Corn Silk
Wikipedia image “Cornsilk 7091″ by Original uploader was Pollinator at en.wikipedia – Transferred from en.wikipedia; transferred to Commons by User:Teratornis using CommonsHelper. Licensed under Creative Commons Attribution-Share Alike 3.0 via Wikimedia Commons – http://commons.wikimedia.org/wiki/File:Cornsilk_7091.jpg

Unfortunately, the extremely hot weather was killing the pollen within a few hours and the lack of wind was making it nearly impossible for the pollen to reach the corn silk — that’s the female part of the plant growing lower on the stalk — while it was still viable.

Bill’s corn fields needed wind — on demand.

That’s where I came in. They’d call me out to fly low over the corn fields at the time when the most pollen was being released by the tassels — likely between 8 AM and 10 AM. I’d fly back and forth, making sure all the plants got a good blowing. Once the pollen was flying around, gravity and mother nature would do the rest.

That was the plan, anyway.

Bill gave me four maps, each of which had at least a dozen or two corn field locations plotted on it. Each had a different number. They were scattered throughout an area that was probably 50 square miles. He said that each field was on its own schedule, so they would never all be done at once. Instead, only a handful would need to be done on a day.

That worked fine for me. I have a one-hour minimum for flights at my charter rate and would be spending at least 30 minutes round trip for travel time, which they would cover. If I could do two or three fields on a flight, it would likely come out to 90 minutes, which looked good for my bottom line and gave them more bang for their buck. Win-win.

I was booked with a photo flight in Seattle at dawn on Wednesday morning, so my first available day was Thursday. Bill said he’d call Wednesday night with a plan.

The Flight

Bill called Wednesday evening. I pulled out the maps. He listed two fields in Quincy and one in George. He asked me to be at the first Quincy field at 9:30 AM. He’d be on the ground, watching what I did. If I needed to make an adjustment in speed, altitude, or distance between passes, he’d call and let me know. Because the second field in Quincy was so close, he’d probably watch that one, too.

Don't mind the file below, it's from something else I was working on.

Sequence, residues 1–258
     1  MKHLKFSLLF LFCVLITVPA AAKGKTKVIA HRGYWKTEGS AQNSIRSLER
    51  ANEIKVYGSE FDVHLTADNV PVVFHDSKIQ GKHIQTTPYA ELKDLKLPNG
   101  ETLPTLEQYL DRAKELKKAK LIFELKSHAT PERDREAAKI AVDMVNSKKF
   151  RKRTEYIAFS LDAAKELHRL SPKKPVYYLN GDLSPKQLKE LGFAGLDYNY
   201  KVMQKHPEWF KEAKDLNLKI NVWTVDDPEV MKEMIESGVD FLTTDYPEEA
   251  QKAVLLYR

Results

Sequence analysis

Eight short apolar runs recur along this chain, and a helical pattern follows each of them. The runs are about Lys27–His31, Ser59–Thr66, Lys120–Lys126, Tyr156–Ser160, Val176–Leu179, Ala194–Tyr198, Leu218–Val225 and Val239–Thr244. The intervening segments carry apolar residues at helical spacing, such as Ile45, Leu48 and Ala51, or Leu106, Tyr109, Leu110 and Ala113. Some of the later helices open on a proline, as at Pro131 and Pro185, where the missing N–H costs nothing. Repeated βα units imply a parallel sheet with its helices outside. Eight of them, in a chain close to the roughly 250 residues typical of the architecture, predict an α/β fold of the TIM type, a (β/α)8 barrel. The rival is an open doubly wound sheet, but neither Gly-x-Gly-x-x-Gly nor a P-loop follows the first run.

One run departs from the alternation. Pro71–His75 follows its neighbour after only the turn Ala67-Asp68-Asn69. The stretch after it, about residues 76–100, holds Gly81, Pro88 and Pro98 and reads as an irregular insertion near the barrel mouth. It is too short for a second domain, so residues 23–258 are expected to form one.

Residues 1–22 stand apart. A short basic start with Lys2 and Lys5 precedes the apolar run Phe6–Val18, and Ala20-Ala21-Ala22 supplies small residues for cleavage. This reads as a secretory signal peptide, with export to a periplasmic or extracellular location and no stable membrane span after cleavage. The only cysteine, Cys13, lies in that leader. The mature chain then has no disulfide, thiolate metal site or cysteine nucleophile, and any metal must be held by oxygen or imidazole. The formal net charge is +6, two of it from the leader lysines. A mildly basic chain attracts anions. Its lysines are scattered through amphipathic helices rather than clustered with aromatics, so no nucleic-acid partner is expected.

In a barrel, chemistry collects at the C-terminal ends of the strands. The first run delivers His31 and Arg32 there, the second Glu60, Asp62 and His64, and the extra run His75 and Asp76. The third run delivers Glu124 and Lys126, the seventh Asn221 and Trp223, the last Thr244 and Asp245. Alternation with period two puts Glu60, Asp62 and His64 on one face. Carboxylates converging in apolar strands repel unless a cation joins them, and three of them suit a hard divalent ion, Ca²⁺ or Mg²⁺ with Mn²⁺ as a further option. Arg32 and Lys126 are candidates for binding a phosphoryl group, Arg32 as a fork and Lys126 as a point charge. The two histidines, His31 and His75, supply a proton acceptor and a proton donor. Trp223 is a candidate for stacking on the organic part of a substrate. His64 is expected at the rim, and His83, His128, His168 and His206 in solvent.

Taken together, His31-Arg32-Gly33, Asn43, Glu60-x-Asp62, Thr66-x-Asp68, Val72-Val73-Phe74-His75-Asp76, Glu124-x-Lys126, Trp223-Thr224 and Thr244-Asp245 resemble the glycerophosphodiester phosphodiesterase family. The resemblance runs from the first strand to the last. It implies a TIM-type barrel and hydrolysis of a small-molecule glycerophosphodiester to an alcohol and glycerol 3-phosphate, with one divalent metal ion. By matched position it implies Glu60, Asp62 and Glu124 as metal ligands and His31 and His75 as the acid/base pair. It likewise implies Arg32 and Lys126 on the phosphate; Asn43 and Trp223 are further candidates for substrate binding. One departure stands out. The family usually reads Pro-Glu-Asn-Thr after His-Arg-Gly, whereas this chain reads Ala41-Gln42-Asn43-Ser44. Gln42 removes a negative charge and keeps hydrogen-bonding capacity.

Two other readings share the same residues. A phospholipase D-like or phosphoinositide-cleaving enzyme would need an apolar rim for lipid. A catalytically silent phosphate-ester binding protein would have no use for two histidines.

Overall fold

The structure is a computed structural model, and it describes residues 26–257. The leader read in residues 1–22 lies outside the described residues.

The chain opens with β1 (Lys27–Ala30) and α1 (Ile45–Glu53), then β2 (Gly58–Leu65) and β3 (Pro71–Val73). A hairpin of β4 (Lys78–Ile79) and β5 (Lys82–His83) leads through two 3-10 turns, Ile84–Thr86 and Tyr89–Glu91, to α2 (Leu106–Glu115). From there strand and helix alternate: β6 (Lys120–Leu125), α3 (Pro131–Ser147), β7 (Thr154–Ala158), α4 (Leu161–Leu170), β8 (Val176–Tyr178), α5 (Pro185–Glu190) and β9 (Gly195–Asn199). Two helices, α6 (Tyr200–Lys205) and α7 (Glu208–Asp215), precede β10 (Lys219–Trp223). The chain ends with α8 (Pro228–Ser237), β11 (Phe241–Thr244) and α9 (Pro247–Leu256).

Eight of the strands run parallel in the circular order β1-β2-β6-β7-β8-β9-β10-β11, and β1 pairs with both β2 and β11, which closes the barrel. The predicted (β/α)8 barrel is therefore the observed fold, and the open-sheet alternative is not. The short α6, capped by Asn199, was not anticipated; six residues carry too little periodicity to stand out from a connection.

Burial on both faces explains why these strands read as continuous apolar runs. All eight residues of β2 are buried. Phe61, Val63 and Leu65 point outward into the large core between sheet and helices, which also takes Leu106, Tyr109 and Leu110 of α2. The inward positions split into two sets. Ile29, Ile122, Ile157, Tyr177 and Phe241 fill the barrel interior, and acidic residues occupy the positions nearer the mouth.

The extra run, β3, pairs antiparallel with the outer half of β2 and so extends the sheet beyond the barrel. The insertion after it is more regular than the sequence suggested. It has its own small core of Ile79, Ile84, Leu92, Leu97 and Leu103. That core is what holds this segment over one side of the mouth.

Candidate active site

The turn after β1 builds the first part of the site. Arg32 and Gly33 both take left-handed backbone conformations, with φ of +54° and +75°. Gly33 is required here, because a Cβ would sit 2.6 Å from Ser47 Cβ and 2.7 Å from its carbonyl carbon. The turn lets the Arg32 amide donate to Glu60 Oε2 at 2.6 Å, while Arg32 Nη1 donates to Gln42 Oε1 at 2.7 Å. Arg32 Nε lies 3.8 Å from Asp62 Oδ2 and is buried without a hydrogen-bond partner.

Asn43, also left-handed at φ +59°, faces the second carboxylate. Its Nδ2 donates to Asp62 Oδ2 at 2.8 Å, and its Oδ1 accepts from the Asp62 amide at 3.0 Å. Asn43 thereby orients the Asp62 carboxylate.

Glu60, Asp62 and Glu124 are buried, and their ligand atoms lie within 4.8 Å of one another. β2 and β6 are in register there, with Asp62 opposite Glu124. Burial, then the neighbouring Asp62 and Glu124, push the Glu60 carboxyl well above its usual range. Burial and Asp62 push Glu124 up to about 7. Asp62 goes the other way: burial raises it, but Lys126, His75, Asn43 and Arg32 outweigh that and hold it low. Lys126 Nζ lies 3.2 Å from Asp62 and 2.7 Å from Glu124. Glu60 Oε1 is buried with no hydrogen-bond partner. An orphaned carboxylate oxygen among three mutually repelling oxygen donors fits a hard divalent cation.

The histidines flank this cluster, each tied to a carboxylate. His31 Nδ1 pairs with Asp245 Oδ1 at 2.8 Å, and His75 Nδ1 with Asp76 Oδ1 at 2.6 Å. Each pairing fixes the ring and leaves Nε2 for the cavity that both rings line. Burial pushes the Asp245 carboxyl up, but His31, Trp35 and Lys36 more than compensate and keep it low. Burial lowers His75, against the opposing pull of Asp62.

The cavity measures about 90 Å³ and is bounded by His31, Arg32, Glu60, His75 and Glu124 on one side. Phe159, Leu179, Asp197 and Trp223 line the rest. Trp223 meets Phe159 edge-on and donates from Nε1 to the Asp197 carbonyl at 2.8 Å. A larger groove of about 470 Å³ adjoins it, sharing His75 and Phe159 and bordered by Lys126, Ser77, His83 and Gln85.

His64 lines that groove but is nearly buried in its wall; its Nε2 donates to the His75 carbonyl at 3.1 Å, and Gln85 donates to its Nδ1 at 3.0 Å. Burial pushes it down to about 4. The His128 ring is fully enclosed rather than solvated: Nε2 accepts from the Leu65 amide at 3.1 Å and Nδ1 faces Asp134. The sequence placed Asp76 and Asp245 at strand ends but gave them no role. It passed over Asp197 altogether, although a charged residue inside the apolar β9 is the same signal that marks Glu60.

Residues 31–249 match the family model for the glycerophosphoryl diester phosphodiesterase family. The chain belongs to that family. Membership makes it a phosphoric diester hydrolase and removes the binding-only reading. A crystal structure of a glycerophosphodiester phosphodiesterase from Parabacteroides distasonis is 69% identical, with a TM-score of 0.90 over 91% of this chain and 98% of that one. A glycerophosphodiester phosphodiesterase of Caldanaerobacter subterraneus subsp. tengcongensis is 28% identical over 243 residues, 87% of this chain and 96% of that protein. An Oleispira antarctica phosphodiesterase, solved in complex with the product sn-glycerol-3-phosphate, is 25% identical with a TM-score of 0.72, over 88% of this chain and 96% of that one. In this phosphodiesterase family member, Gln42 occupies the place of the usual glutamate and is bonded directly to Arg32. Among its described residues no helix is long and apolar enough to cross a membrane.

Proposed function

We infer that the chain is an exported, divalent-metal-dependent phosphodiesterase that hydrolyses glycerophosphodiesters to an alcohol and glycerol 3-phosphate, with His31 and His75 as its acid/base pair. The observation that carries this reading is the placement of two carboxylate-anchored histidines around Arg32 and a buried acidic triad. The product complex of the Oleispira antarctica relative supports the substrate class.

We hung up and I looked up the fields on Google Maps, knowing that the plantings in the satellite view might not match what was actually on the ground. I found the cross streets and noted the shape of the fields. I highlighted the fields on my maps.

Corn Field 1
The first field was easy; all corn, no obstacles. I came in from the southeast and went back and forth to the north.

At 9:15 AM Thursday, I took off and headed to Quincy. After following Road 9 instead of Road 8 for about a mile past the field location, I doubled back and zeroed in on the first field. Bill’s truck was in the southwest corner. As I came in to make my first pass about 10 rows in, he got out of his truck to watch.

It took me a few minutes to get the hang of it; my brain wanted to dry cherries. But this was higher: about 15 feet rather than 5. It was also faster: 20-24 miles per hour rather than 5 to 10 miles per hour.

I looked back on my first few passes to see my coverage and realized that every 20 or so rows would be perfect — the corn was really blowing at least 20 feet on either side of the helicopter. (The corn rows were planted 22 inches apart.) I was probably on my third pass before I got the feel for where I should be and how fast I should be moving. I was on my fifth pass when I started making baby ag turns — not much more was needed at the speed I was operating.

Bill watched. I kept expecting my phone to ring, but it didn’t. When I got near the north end of the field, I realized I had an onlooker there, too.

Corn Field 2
The second field had wires just outside the field. I came in from the north over the wires, circled around, and went up and down the rows. This satellite image doesn’t show the field as it appeared during the flight, of course.

I got through the first field, which was the largest, in about 15 minutes. The second field was right across the road. The were wires on both ends of it, but they weren’t that close to the corn. I made my turns inside the field so there was no need to go anywhere near the wires. Bill repositioned to the north end of that field to watch. When I was nearly done, I realized he was on the phone. Again, I expected my phone to ring, but it remained quiet.

Corn Field 3
This is the last field, which was fully planted with corn. This image doesn’t show the irrigation pivot, but if you look closely enough, you should be able to see the wires on the west side.